In the book " Irish Fairy & Folk Tales" by William Butler Yeats, " Lady Wilde gives a gloomy tradition that there are two kinds of fairies-one kind of merry and gentle, the other evil, and sacrificing every year a life to Satan, for which purpose they steal mortals" (Yeats 65-66). The process of stealing mortals for the fairies' nefarious purposes are described in more detail a poem of Yeats', which does not appear in this particular book. In " The Barefoot Book of Classic Poems," Yeats' poem " The Stolen Child," describes the traps that are used by the fairies to trap mortals as containing " berries," and "the reddest stolen cherries" (Morris 32). According to the poem, the human children are encouraged to follow the fairies because " [T]he world's more full of weeping than you can understand," (Morris 32). The fairies are trying to convince the human children that the real world, which they naturally inhabit, is full of occurences which cause sadness, which is the origin of the reference to crying. This is not uncommon, for children, or even adults to be misled into trusting happy-seeming, cheerful, yet dangerous strangers who promise them glee and gaeity in a place where there are no real world problems. Real people, in the real world, tend to encounter and deal with complicated situations which cause misery on a daily basis. The humans struggle to avoid the appeal of the fairy's world, consisting of parties where the fairies are" Weaving olden dances, / Mingling hands and mingling glances," (Morris 32). Also, the humans could be attacked by a vicious curiousity about the performance of ridiculous acts like talking to fish: " We seek for slumbering trout, / And whispering in their ears, / Give them unquiet dreams;" (Morris 33). Yeats describes a world which would be appealing to a child on the brink of leaving home to follow the fairies into their fanciful world, contrasting the fairy realm with the dismal and dreary "real world" where sadness exists. I can see how it would be hard for a person to get tricked by the fairies in this poem, however, with my life experience up to my current age, being in my late twenties, I think I sort of know better than to get fooled by the fairy people.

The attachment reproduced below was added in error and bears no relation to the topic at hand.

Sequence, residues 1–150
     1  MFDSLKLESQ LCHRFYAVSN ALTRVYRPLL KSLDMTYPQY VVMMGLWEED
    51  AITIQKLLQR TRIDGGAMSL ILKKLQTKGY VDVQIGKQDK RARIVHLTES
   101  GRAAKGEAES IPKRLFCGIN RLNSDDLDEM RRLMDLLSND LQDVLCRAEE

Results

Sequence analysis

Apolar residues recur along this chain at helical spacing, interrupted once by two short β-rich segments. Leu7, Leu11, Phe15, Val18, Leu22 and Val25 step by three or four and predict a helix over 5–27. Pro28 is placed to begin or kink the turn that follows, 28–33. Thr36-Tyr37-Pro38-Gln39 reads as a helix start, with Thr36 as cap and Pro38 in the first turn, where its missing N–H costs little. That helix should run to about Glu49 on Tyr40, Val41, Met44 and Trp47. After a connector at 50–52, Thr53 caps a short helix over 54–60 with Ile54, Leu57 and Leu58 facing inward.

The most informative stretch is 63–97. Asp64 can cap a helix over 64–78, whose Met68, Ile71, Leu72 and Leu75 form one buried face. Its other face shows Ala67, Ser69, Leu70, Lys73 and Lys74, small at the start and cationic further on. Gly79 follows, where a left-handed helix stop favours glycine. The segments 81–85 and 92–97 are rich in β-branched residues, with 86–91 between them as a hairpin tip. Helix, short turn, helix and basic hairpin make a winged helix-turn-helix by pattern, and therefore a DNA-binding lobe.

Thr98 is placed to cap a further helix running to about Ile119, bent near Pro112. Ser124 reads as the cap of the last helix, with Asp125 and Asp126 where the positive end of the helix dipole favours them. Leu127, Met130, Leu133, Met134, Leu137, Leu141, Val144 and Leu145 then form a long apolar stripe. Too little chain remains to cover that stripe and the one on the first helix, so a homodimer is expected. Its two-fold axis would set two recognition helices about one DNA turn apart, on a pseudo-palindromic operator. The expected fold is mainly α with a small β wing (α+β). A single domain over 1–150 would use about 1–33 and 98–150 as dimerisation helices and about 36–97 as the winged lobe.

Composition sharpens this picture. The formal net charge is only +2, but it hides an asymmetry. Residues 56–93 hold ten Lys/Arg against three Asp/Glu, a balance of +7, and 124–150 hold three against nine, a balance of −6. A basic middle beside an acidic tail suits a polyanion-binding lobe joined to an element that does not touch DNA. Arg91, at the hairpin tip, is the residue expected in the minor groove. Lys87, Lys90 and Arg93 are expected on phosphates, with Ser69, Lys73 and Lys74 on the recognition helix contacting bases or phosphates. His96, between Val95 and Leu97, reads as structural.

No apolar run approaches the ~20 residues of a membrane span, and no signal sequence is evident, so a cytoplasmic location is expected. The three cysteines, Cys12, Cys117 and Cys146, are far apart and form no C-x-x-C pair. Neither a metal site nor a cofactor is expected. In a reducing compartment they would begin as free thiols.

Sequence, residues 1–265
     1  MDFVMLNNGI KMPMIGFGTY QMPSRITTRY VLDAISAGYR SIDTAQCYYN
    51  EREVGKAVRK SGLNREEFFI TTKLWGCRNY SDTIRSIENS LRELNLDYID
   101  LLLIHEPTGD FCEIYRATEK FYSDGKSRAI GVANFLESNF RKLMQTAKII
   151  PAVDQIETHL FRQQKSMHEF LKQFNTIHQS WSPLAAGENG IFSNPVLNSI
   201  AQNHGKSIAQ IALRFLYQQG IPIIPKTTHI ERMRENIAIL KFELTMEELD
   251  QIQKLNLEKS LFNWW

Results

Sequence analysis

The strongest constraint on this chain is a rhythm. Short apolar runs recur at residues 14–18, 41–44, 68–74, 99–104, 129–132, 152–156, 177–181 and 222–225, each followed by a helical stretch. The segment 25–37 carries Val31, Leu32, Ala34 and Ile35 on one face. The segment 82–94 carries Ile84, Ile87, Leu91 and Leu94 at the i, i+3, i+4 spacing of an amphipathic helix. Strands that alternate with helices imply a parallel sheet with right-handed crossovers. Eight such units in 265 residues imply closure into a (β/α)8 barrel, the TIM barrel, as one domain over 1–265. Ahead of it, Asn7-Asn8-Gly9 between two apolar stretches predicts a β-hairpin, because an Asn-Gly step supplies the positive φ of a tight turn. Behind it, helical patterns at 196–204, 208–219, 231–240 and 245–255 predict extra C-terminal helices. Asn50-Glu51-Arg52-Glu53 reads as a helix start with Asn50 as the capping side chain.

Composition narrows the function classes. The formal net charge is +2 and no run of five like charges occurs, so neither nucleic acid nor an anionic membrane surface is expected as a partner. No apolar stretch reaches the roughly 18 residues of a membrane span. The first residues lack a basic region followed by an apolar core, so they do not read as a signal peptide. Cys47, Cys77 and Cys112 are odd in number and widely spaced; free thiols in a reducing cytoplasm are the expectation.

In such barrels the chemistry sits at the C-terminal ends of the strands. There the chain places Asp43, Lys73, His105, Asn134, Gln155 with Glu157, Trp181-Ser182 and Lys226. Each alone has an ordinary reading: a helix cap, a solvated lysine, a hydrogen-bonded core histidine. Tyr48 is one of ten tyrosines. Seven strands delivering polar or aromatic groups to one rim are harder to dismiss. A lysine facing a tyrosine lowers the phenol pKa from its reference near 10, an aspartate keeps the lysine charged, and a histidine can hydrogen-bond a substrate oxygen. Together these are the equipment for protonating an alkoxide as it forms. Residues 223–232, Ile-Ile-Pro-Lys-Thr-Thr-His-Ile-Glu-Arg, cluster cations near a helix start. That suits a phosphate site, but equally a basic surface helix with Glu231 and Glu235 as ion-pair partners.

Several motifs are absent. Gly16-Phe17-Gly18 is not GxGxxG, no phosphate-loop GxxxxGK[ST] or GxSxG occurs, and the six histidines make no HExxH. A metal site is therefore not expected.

"When The Fairies Came" by Ida Rentoul Outhwaite